Keywords
Cognitive Neuroscience, Neurology

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MLA
Van de Steen, Frederik, et al. “Effective Connectivity Modulations Related to Win and Loss Outcomes.” NEUROIMAGE, vol. 207, 2020.
APA
Van de Steen, F., Krebs, R., Colenbier, N., Almgren, H., & Marinazzo, D. (2020). Effective connectivity modulations related to win and loss outcomes. NEUROIMAGE, 207.
Chicago author-date
Van de Steen, Frederik, Ruth Krebs, Nigel Colenbier, Hannes Almgren, and Daniele Marinazzo. 2020. “Effective Connectivity Modulations Related to Win and Loss Outcomes.” NEUROIMAGE 207.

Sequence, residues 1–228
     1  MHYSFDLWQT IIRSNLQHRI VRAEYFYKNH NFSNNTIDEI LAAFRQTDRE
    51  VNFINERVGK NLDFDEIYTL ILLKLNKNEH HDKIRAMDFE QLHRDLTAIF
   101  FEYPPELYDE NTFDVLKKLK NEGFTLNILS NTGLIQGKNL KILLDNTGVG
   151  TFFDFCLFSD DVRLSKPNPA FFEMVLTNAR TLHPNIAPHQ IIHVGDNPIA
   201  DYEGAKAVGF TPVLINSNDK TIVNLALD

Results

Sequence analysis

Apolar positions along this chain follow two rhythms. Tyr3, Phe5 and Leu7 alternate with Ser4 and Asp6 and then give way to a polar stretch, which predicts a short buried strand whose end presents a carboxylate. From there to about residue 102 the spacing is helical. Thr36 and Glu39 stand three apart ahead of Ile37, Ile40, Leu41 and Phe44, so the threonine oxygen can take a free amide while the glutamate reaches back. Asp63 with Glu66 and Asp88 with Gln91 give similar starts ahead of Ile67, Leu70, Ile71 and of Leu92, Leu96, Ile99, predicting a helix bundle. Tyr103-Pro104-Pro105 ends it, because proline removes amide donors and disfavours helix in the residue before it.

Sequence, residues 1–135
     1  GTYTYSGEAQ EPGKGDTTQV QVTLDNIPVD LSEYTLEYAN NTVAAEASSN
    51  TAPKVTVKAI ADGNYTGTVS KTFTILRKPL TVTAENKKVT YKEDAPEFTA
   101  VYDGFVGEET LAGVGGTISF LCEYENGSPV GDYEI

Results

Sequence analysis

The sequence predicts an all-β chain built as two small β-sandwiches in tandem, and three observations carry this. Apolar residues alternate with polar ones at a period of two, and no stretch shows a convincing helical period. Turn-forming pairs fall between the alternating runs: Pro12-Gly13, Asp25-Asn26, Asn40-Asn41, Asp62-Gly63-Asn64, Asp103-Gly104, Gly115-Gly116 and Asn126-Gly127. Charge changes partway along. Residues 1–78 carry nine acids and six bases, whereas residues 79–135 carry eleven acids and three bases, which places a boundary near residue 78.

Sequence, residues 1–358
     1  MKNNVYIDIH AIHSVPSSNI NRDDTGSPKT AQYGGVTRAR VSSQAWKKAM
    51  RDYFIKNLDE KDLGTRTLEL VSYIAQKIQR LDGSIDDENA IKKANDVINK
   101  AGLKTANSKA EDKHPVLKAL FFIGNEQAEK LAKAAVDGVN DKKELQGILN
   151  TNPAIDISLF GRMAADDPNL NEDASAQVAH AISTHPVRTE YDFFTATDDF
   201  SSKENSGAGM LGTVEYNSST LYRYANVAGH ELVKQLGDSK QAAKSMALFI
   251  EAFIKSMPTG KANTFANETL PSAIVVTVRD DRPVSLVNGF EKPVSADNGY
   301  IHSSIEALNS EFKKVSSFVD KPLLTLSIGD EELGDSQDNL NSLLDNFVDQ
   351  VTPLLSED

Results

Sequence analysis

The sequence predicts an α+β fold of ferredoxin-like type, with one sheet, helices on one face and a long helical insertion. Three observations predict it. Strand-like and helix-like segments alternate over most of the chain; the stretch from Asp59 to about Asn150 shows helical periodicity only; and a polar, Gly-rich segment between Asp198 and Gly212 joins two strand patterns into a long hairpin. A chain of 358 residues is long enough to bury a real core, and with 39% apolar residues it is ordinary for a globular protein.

Chicago author-date (all authors)
Van de Steen, Frederik, Ruth Krebs, Nigel Colenbier, Hannes Almgren, and Daniele Marinazzo. 2020. “Effective Connectivity Modulations Related to Win and Loss Outcomes.” NEUROIMAGE 207.
Vancouver
1.
Van de Steen F, Krebs R, Colenbier N, Almgren H, Marinazzo D. Effective connectivity modulations related to win and loss outcomes. NEUROIMAGE. 2020;207.
IEEE
[1]
F. Van de Steen, R. Krebs, N. Colenbier, H. Almgren, and D. Marinazzo, “Effective connectivity modulations related to win and loss outcomes,” NEUROIMAGE, vol. 207, 2020.
@article{8636019,